Love Comes Lately
Though approaching his eighties, Max Kohn shows no signs of slowing down. He pursues his love life - both real and imagined - with youthful vigor, thereby risking his relationship to Reisel, the woman he loves but neglects. LOVE COMES LATELY is a film about real and imagined longings, the never ending dream of love and the power of fiction.
It seems something always brings me back to Jan Schutte's 2007 film. Based upon three works by Isaac Bashevis Singer, the filmmaker does a great job of mixing the three into one. People unaware of Singer's work beyond Streisand's almost experimental re-working of his slight story, "Yentl, the Yeshiva Boy," will be surprised to discover what Schutte is able to create from these other works. When this film was initially released more than a few critics/viewers pointed out the annoyance that this adaptation is misleading of the great writer's work. I disagreed then and I disagree now. If anything, this movie might spark a viewer to seek out Singer's printed words.
There is a great deal more going on than…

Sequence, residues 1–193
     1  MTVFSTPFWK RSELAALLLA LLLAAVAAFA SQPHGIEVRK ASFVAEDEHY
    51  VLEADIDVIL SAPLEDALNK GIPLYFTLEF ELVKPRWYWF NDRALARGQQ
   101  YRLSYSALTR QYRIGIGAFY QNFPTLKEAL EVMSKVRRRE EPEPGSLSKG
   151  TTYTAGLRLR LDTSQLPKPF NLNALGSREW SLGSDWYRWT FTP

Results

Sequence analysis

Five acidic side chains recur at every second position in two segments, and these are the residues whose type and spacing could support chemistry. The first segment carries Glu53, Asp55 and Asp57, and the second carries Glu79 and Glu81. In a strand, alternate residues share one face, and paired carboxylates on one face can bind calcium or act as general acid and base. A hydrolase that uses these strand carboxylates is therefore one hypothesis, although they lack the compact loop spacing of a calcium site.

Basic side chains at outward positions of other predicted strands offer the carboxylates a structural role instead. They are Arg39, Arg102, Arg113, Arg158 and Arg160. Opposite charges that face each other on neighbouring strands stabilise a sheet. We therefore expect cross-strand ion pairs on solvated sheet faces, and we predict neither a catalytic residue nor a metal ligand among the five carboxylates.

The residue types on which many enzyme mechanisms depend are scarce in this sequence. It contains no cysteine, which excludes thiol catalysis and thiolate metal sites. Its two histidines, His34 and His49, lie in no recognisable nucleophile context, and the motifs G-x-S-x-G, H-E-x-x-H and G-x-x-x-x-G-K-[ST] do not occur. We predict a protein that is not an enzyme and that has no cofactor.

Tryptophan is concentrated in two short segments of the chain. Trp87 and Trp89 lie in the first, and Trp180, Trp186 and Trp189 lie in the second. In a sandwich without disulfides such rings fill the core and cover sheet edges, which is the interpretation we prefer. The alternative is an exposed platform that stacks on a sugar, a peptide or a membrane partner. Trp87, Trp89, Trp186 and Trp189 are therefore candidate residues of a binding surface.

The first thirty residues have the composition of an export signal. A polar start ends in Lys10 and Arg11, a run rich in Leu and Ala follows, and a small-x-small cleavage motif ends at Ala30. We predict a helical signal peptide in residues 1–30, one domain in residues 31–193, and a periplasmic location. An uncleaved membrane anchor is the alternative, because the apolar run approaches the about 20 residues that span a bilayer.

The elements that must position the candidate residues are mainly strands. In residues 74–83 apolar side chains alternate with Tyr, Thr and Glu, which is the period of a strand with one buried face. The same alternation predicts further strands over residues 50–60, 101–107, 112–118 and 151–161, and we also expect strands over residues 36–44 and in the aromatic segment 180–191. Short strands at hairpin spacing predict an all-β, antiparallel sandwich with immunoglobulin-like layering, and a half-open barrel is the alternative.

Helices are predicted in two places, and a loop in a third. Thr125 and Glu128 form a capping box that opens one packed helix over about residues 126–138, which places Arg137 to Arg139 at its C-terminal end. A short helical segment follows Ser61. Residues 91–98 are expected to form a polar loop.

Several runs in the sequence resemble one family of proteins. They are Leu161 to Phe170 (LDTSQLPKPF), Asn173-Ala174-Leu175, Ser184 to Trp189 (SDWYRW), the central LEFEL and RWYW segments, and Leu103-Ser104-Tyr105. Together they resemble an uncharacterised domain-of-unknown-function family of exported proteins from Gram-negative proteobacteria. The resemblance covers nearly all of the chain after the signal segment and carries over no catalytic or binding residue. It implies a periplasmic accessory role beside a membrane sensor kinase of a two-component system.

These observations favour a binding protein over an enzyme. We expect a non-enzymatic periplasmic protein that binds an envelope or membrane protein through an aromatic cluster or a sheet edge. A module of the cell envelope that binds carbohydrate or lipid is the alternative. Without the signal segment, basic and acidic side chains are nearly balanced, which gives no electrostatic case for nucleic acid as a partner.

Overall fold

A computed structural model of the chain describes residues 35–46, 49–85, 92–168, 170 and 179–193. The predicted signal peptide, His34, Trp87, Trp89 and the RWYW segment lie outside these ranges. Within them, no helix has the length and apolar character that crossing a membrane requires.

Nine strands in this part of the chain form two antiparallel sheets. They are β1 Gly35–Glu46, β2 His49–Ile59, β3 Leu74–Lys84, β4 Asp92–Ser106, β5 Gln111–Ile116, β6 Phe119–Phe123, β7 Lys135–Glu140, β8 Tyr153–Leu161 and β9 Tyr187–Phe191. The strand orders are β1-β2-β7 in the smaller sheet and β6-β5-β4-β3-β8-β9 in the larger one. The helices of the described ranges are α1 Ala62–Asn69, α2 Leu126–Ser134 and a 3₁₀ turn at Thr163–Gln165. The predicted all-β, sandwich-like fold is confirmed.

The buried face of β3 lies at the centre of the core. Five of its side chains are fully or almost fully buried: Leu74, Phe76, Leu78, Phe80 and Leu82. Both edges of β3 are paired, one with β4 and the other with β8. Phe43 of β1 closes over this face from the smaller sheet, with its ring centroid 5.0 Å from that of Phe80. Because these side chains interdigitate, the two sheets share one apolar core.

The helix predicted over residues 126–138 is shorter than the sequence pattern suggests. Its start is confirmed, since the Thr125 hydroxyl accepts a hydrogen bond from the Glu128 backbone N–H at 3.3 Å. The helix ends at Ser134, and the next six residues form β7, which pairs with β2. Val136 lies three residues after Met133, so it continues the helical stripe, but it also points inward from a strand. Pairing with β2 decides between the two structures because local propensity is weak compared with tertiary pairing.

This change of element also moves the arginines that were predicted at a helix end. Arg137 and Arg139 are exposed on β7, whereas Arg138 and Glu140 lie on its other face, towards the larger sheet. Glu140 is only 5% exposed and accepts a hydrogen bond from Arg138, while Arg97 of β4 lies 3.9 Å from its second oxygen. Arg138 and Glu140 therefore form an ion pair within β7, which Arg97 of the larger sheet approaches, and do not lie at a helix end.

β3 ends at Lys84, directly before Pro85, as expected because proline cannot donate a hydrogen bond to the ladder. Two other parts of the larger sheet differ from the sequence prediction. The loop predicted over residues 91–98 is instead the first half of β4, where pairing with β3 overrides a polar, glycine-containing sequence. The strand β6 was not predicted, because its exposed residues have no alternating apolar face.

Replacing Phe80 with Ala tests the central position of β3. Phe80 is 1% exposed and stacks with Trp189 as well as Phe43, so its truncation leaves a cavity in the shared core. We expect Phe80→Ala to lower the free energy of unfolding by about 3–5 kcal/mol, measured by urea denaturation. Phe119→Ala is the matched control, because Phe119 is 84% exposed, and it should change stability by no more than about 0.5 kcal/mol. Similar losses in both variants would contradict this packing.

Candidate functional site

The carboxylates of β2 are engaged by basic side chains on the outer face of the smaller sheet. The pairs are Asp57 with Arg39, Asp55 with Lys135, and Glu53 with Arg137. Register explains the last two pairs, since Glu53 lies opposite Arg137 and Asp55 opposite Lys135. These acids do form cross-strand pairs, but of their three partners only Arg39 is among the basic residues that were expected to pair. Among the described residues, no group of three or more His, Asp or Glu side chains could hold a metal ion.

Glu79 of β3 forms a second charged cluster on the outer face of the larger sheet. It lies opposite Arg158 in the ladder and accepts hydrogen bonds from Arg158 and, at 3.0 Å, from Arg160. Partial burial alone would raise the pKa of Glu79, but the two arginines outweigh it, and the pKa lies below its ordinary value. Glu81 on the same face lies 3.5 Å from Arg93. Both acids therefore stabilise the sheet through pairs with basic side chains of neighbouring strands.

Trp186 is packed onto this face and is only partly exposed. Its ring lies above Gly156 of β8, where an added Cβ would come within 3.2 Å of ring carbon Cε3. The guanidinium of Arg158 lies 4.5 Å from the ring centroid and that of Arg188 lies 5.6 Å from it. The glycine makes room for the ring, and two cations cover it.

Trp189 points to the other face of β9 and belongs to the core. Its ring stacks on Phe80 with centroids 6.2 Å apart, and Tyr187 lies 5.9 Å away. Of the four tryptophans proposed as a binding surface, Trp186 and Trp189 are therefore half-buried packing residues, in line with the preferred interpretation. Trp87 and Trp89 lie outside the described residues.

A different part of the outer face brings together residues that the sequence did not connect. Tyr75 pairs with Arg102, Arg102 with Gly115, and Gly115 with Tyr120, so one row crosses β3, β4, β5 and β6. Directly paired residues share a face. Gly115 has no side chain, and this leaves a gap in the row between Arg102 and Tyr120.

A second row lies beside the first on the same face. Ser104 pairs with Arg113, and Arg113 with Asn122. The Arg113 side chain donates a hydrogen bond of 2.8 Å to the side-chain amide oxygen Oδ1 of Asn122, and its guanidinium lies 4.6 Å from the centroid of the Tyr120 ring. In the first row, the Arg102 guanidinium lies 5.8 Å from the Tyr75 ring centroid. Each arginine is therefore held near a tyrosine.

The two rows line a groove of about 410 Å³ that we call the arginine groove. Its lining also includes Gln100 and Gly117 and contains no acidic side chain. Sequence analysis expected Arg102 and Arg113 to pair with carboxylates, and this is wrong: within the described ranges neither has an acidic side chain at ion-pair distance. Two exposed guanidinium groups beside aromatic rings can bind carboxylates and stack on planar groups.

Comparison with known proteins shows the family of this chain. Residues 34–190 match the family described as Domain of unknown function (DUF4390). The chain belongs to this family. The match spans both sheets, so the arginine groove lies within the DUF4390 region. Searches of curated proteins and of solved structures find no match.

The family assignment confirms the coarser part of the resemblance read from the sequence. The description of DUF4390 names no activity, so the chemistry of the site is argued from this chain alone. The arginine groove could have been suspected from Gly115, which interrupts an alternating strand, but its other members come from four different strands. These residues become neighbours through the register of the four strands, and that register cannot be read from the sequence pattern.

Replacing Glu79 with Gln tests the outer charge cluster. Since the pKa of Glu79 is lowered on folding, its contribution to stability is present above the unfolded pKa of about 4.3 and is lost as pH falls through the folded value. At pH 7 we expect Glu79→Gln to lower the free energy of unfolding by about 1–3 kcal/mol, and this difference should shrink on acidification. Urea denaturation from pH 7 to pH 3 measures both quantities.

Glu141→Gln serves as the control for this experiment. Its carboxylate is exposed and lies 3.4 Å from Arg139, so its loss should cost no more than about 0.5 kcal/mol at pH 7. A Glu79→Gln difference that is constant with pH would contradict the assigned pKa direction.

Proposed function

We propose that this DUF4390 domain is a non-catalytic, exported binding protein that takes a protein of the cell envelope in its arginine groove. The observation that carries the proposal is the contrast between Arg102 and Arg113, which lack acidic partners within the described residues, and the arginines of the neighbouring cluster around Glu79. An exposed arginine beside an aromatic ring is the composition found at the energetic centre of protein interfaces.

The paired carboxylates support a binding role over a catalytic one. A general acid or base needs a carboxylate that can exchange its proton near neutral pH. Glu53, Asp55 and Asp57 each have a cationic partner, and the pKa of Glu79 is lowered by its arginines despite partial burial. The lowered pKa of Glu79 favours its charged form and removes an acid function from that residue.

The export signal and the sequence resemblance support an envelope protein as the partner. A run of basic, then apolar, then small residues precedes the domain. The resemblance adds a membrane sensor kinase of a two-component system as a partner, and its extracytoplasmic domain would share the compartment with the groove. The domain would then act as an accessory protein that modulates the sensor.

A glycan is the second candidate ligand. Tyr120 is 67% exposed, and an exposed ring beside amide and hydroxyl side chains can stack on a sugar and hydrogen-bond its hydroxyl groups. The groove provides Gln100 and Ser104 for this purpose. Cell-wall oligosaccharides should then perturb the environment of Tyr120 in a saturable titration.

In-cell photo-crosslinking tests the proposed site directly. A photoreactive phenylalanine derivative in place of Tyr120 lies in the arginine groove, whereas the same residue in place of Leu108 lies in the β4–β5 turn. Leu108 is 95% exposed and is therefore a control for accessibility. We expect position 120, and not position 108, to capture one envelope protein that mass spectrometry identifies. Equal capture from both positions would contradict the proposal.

Sometimes I wonder why I even subject myself to these things. Love Comes Lately is an adolescent male fantasy disguised as some kind of profound story about love and aging. The film centres around Austrian émigré and writer Max Kohn as he embarks on a lecture tour of college campuses. The story fluctuates between Max's own life and the life of the characters he creates in the short stories he writes over the course his trip. The film was directed by Jan Schütte and it is based on the short stories of Isaac Bashevis Singer who's best known as the writer of Yentl. Love Comes Lately stars the late Otto Tausig and Elizabeth Peña as well as Rhea Perlman and…
"A rollicking shrug-fest!"
"Inquisitive music drowsily plods!"
"a ham-fisted roller coaster ride of grandfather humor"
"Rhea Perlman has a role and she acts in this, I guess!"
All pull-quotes that should be on this poster.